7 Most Commonly Misunderstood Fitness Terms
Feb 17, 2016
Every day you are bombarded with ads and infomercials filled with trendy and sexy terms that are used to completely mislead you. We can’t blame you for not really knowing or understanding the real meaning of most of these terms as they are so often misused
that you can’t help but to eventually start to believe them. Unfortunately, sometimes believing that what you are unknowingly doing wrong can really change the way that you are working out and potentially creating a less than desired result. We believe that this is why so many of our clients come to us with such problems of motivation and accountability as they have tried things in the past only to fail.
Here are 7 of the most common terms that we find people simply DO NOT understand when they start a program with us.
Most people view agility as the ability to change direction but it’s more than that. Agility also includes the ability to decelerate, change direction and accelerate in response to certain stimulation. A typical fitness program will include an almost exclusive amount of exercises that only work the frontal plane of movement (forwards and backwards). It is important to include exercises that will require you to go side to side as well as rotate so that you are working all planes of movement and leaving no room for gaps in your fitness.
Most people view really long sessions of cardio as the best way to burn fat and get in shape but they have unfortunately been misled. Combining resistance training with High Intensity Interval Training and Circuit Training will give you the same results but with added bonuses like improved strength and a higher metabolism to help you continue to burn fat even when you aren’t working out. With our clients we recommend training 2-3 times a week with weights and using Cardio sessions as something to do on days that you don’t go to the gym.
Usually when people refer to their core they are thinking of just their abs. The core involves so much more than that. It is a group or system of muscles located throughout your torso. They include your abdominals, obliques, lower back muscles, glutes, and some other auxiliary muscles. Make sure that you do exercises that work all of those muscles groups and you will see benefits like a more stabile spine, which increases overall strength as well as reduced risk of injury and better balance and posture.
4. Fat-burning Zone
If you look at most pieces of cardio equipment these days you will notice a graph that suggests where your heart-rate should be to burn more body fat. These graphs simply do not take enough information into consideration to properly suggest such things. Simply exercising at a high-intensity will burn more body fat and promote weight-loss. We tell our clients to use the Rate of Perceived Exertion as their gauge. With 1 being the easiest pace and 10 being the hardest try to keep at a 7-8 as much as you can with small amounts of slower pace to catch your breath.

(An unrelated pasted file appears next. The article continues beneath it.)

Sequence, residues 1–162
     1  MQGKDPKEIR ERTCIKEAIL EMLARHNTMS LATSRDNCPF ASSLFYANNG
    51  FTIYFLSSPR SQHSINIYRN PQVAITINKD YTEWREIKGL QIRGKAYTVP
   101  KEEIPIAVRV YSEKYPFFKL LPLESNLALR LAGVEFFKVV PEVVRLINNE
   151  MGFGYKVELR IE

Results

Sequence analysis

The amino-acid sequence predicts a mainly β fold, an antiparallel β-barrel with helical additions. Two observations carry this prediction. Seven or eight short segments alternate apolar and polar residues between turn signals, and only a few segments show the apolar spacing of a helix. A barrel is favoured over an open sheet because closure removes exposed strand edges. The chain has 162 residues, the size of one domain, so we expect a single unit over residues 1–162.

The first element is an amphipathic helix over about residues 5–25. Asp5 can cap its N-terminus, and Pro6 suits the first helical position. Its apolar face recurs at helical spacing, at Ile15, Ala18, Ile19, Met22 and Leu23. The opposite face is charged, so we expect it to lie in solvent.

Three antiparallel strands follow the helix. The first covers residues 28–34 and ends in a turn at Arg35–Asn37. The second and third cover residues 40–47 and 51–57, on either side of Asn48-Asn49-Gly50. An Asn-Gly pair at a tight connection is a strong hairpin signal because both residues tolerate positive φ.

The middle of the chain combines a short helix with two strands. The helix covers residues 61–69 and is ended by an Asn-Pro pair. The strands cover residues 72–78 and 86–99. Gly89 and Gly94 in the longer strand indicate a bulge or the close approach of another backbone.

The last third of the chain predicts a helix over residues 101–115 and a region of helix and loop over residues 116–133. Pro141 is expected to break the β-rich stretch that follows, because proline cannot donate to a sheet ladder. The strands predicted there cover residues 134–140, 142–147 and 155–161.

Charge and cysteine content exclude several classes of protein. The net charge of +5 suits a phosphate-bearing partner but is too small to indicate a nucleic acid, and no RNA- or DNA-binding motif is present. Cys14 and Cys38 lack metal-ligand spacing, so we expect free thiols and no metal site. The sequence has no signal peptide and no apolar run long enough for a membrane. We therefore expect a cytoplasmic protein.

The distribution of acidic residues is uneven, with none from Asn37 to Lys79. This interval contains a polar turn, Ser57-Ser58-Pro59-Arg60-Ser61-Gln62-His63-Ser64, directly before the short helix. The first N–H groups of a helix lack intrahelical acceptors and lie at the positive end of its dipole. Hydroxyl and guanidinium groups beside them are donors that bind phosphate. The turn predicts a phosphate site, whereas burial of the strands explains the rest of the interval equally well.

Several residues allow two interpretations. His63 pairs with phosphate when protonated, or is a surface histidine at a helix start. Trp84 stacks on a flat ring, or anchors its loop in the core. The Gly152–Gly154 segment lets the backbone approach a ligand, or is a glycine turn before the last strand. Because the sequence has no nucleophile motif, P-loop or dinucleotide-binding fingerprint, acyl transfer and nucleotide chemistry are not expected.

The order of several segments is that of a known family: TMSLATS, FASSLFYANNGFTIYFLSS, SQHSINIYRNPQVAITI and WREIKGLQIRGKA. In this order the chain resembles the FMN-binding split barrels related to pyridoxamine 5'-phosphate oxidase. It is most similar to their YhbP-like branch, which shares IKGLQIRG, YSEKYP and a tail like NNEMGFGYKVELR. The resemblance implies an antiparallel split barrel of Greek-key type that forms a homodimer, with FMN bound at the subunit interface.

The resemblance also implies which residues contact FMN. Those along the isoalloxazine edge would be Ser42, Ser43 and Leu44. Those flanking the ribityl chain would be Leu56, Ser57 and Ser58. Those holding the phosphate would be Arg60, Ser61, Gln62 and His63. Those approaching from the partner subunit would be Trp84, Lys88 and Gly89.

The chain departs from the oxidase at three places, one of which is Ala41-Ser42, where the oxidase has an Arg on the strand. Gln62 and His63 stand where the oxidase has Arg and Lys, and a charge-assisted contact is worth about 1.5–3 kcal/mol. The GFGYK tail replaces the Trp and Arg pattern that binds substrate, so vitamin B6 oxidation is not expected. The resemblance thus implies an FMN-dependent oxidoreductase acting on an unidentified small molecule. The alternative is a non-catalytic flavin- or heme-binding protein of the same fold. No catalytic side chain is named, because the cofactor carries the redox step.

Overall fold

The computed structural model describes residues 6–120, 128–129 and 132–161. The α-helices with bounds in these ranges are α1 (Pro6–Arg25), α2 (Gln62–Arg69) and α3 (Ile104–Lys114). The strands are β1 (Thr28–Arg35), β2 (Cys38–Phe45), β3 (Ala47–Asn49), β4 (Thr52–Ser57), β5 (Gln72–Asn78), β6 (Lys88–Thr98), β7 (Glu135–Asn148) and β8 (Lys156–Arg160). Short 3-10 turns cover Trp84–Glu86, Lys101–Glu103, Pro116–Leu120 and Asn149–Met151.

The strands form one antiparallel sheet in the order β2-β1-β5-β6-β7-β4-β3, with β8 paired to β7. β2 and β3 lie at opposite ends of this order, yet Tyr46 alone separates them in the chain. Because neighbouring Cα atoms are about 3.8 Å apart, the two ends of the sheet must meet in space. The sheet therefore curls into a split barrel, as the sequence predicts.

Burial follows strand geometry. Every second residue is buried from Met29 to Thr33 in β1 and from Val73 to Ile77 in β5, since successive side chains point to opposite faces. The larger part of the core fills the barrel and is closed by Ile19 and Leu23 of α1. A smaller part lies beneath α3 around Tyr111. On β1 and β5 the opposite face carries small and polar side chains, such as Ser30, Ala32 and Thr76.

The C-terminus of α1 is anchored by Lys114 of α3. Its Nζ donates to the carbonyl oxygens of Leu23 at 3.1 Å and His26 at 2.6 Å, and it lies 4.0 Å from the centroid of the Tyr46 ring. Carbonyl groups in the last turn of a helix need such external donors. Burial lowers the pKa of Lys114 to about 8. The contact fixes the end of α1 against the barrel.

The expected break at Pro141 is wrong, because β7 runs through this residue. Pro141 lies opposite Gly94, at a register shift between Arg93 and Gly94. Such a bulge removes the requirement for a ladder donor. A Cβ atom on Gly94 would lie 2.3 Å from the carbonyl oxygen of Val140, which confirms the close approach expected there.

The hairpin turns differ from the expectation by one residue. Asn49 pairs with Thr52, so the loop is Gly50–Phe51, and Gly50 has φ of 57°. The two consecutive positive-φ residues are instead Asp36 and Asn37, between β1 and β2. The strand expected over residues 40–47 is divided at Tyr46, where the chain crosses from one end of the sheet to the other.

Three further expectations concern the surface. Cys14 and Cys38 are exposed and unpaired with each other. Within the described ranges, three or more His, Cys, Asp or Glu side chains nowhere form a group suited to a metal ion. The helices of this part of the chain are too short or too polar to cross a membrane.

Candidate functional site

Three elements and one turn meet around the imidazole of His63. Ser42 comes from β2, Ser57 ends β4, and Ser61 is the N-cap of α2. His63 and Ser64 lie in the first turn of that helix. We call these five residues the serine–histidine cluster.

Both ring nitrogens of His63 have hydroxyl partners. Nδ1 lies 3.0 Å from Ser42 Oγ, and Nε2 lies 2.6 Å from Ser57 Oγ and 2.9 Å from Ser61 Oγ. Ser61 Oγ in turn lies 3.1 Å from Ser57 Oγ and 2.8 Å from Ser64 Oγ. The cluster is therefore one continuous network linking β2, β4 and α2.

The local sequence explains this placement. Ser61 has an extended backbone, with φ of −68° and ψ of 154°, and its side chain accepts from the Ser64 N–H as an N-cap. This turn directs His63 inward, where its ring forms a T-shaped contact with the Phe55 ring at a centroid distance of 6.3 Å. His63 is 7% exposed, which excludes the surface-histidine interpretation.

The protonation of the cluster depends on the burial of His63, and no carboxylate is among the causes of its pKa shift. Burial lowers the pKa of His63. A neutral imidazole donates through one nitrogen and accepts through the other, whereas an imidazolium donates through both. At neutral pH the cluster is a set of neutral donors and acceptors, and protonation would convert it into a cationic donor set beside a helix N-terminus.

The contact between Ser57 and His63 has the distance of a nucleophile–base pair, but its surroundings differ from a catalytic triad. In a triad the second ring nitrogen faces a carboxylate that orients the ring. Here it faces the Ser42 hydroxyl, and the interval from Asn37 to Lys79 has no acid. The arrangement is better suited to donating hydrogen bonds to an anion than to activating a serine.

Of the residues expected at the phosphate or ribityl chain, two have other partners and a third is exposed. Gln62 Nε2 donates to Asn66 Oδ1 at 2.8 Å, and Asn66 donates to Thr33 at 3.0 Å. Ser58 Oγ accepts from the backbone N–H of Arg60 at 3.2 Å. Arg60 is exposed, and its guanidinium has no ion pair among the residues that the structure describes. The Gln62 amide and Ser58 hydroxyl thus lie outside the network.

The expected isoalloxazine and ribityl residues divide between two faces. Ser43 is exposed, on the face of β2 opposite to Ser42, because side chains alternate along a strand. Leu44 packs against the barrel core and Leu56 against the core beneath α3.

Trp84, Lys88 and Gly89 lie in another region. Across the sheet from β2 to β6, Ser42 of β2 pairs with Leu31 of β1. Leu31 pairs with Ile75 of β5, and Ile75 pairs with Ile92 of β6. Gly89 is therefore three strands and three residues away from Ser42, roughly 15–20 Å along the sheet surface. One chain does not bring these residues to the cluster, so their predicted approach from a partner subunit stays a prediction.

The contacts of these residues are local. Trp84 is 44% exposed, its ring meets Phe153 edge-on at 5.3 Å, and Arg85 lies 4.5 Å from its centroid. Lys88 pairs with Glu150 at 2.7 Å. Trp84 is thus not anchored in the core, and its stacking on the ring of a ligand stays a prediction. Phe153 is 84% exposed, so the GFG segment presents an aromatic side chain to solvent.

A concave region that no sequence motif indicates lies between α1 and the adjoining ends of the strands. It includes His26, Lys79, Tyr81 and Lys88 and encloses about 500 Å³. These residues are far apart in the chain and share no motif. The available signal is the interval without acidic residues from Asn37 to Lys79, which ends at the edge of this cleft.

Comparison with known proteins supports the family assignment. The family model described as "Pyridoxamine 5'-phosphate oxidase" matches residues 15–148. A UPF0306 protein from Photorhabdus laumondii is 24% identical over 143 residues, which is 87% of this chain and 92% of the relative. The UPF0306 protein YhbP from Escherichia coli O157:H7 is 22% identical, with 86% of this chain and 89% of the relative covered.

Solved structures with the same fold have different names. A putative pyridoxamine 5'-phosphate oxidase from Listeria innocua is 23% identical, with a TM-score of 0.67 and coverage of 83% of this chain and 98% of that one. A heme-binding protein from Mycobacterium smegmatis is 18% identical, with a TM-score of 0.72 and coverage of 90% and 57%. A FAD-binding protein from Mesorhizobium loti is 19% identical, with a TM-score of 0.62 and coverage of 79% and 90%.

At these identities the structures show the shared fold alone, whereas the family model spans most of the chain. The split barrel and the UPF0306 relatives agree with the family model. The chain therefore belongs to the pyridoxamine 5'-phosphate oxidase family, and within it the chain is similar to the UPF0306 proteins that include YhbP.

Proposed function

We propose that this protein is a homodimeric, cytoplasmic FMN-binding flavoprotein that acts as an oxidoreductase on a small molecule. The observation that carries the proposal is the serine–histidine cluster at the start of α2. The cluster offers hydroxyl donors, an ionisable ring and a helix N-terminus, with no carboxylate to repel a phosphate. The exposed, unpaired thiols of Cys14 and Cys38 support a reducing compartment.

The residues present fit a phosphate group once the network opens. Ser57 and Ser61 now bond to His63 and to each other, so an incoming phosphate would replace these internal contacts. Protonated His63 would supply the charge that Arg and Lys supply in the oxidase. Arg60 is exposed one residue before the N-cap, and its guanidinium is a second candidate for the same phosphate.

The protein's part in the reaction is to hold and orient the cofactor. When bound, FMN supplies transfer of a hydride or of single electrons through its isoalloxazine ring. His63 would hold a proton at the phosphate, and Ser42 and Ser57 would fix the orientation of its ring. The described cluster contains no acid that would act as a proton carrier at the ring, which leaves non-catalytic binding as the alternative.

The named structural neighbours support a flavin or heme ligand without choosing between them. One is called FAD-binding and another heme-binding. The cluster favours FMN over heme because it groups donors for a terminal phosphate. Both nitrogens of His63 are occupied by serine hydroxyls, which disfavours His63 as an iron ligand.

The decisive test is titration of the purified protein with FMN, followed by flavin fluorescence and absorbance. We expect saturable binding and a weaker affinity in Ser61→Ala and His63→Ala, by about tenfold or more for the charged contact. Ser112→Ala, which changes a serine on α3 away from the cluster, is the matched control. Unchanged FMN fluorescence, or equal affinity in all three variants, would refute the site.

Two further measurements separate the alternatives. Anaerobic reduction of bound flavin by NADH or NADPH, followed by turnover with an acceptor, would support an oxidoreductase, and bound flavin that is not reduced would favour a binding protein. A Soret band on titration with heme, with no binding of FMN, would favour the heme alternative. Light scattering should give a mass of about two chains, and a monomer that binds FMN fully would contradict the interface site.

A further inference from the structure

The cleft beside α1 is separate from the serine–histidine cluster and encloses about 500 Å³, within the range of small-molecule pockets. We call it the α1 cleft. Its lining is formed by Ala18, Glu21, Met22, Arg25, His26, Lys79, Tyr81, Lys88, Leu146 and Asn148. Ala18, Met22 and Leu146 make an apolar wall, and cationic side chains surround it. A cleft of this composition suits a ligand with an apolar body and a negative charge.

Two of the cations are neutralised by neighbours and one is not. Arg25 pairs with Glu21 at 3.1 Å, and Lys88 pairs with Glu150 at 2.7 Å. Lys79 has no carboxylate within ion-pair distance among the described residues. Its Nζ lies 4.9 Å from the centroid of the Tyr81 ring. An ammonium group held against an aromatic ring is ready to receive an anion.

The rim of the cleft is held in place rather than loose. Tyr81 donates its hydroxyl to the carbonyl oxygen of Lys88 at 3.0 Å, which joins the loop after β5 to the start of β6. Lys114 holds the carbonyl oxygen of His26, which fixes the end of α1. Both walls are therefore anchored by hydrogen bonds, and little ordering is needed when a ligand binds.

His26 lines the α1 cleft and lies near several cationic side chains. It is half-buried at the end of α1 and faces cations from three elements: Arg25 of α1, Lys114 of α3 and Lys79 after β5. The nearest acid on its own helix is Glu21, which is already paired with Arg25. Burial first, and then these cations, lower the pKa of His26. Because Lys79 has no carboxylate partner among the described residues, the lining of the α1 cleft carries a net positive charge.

5. Functional Training
This type of training has become wildly popular over the last couple of years. What was once a simple form of training has taken on a mantra that the more difficult or complicated an exercise is the more functional it is. This is the wrong way of looking at it. Functional training exercises are simply exercises that serve or achieve a specific goal. For instance, squats are functional to runners and cyclists as they strengthen the lower body and core. However, squats are not functional to someone with hip, knee, and lower back problems. Doing bicep curls while standing on a BOSU ball with only one foot is functional to no one.
6. Injury Prevention
This is a tough thing for some people to understand or accept. Injury prevention does not exist, only the reduction in the risk of injury. People who do not properly strengthen their bodies to handle the everyday wear and tear are at a higher risk of injury. Those who take the time to go to the gym and strengthen themselves are LESS LIKELY to get hurt.
Going to the gym and doing random exercises or going for a run on the treadmill until you’re all sweaty is exercise, not training. Training requires a specific set of goals that require a specific plan or process in order to be obtained. Training is focused and disciplined which requires time and commitment and is not just haphazard exercise. Simply put, training is exercise with purpose.
We’ve saved the best for last because this is the term we hear the most from people. When you refer to getting toned or toning a certain part of your body what you are talking about is building muscle and burning body fat. Restrictive diets and long bouts of cardio will not get you toned as they will not help you build muscle and will not burn much body fat and therefore will not shape your body the way you like. Only a proper diet plan and resistance training will help you to build muscle and gain that toned look you desire.